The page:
In 2014, the agriculture industry contributed $37.7B billion to California’s gross domestic product—the largest amount for any state in the country. Within that massive industry, fresh fruits and vegetables played a prominent role—California also exported more fresh fruits than any other state in the country. Fresh fruits and vegetables, unlike commodity crops such as corn, soybeans, and wheat, are almost always harvested by hand, making the state’s agriculture industry inherently reliant on immigrants. In 2014, almost seven out of every 10 agriculture workers in the state were born abroad.
|Share of fresh fruit and vegetable farms||52.2%|
|Share of misc. agriculture workers, foreign-born||82.2%|
|Share of all agriculture workers, foreign-born||69.2%|
|Amount agriculture directly contributes to California's economy||$37.7B|
Immigrant families have long played an important role helping to build housing wealth in the United States. In recent decades, the more than 40 million immigrants collectively in the country increased U.S. housing wealth by $3.7 trillion. Much of this was possible because immigrants moved into neighborhoods once in decline, helping to revitalize communities and make them more attractive to U.S.-born residents. In California, immigrants are actively strengthening the state’s housing market.
|Share of recent homebuyers who were foreign-born||31.7%|
|Housing wealth held by immigrant households||$1,022.5B|
|Amount paid by immigrant-led households in rent||$2.8B|
International students in the United States contributed more than $30.5 billion to the U.S. economy in the 2014-2015 school year and supported more than 370,000 jobs through their tuition payments and day-to-day spending. Research has found that increases in the number of international students at American universities boost innovation and patent creation. International students represent a small portion of all students in California, but they make a big impact.
|Students at California colleges and universities who are international||4.8%|
|Economic contribution of international students||$4.0B|
|Jobs supported by international students||45,402|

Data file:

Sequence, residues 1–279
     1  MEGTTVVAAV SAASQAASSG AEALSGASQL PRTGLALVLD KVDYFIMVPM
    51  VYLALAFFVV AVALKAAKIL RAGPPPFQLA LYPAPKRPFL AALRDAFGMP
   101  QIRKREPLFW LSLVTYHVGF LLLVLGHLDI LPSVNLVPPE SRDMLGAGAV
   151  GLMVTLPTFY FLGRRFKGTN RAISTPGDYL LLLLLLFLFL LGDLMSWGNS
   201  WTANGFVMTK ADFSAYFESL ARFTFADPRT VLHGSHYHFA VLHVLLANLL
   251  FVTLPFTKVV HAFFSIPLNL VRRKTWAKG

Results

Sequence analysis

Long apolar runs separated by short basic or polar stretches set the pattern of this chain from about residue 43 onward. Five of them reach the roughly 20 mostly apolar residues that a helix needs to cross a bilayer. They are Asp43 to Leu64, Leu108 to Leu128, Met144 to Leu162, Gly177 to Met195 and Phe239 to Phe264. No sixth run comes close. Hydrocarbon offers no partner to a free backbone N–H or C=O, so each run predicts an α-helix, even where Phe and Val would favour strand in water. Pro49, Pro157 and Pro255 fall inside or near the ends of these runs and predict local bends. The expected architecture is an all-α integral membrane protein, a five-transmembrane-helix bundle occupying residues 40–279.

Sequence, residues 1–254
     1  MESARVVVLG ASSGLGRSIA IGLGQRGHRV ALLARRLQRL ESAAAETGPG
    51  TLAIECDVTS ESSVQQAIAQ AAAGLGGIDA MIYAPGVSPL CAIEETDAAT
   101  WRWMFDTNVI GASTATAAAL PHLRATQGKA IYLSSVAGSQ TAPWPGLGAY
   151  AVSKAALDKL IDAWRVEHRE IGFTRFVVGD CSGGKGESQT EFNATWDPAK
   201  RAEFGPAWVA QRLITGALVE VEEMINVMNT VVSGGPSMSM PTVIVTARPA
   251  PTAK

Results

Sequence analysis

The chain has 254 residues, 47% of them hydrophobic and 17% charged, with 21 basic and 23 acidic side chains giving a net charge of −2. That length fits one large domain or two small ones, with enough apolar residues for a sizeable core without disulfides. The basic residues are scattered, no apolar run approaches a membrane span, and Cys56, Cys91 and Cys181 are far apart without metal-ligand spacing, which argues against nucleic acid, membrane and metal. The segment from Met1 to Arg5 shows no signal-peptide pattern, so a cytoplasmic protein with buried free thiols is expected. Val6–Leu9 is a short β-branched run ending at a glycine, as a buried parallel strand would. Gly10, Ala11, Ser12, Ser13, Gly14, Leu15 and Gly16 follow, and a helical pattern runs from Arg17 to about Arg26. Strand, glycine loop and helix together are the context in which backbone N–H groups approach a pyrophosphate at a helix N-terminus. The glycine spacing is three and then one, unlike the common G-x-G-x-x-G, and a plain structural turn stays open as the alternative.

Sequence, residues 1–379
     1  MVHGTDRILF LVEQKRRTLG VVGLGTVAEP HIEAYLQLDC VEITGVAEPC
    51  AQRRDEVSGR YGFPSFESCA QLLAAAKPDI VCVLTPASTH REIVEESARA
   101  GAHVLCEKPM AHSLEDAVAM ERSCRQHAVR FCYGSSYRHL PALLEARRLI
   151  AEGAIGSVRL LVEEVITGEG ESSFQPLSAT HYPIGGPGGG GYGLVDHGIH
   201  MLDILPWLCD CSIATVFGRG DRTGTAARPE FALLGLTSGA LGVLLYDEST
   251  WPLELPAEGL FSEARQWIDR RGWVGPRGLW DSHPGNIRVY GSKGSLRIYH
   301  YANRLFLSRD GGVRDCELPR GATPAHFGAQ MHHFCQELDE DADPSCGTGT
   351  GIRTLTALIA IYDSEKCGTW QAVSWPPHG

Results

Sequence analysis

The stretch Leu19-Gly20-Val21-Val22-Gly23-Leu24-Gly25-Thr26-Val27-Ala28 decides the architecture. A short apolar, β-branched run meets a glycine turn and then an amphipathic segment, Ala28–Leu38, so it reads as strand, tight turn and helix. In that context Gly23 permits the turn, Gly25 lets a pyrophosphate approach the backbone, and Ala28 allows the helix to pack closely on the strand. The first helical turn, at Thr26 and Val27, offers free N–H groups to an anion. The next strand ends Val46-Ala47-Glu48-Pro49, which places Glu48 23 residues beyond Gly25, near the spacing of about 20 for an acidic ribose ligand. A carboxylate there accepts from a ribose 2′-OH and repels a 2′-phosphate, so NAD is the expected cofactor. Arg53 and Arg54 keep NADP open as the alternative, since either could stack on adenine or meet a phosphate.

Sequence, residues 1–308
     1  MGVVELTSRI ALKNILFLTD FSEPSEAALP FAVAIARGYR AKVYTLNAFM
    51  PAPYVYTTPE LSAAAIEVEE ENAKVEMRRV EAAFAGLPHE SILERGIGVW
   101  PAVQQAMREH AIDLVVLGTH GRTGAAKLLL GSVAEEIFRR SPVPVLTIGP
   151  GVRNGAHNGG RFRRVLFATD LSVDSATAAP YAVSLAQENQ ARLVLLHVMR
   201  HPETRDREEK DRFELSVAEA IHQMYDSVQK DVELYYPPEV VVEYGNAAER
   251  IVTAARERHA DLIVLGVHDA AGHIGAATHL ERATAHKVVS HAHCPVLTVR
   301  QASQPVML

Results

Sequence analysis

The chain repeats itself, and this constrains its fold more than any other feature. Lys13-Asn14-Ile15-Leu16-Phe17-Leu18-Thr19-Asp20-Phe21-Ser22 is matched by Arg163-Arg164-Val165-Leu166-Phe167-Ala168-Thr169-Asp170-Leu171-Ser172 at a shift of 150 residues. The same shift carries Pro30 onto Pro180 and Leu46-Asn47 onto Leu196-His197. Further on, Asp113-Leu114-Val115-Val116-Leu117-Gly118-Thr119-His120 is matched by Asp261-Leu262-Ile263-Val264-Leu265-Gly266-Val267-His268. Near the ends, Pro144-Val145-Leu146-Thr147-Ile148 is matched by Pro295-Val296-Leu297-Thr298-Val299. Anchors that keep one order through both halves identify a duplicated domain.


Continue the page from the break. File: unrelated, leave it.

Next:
Nationwide, the power of immigrant voters is likely to continue to be a large factor in upcoming elections. The sheer size of the immigrant voting bloc here means it has a powerful impact on the way California votes in both national and state elections. In 2012, for instance, Barack Obama won California by roughly 3 million votes—a far smaller margin than the number of eligible foreign-born voters in the state.
|Immigrants eligible to vote||4,989,938|
|Immigrants registered to vote||2,894,546|
|Immigrants eligible to vote in 2020||5,349,564|
|2012 presidential election margin of victory||3,014,327|
The United States is currently home to an estimated 11.4 million undocumented immigrants, the vast majority of whom have lived in the country for more than five years. The presence of so many undocumented immigrants for such a long time presents many legal and political challenges. But while politicians continue to debate what to do about illegal immigration without any resolution, millions of undocumented immigrants are actively working across the country, and collectively, these immigrants have a large impact on the U.S. economy. This is true in California, where undocumented immigrants contribute billions of dollars in taxes each year.
|Share of undocumented immigrants, working age||86.0%|
|Undocumented Household Income||$38.7B|
|— State & Local Taxes||$1.6B|
|— Federal Taxes||$2.7B|
|Total Spending Power||$34.3B|
|Share these facts|
|Hey @SenFeinstein, you have 784,584 immigrant entrepreneurs creating jobs in your state. #ReasonForReform|
|Hey @SenFeinstein, did you know that 74.2% of immigrants in your state are of working age? #ReasonForReform|
|Hey @KamalaHarris, did you know there are 4,989,938 eligible immigrant voters in your state? #ReasonForReform|
|Hey @KamalaHarris, did you know immigrants in your state wield $240.4B in spending power? #ReasonForReform|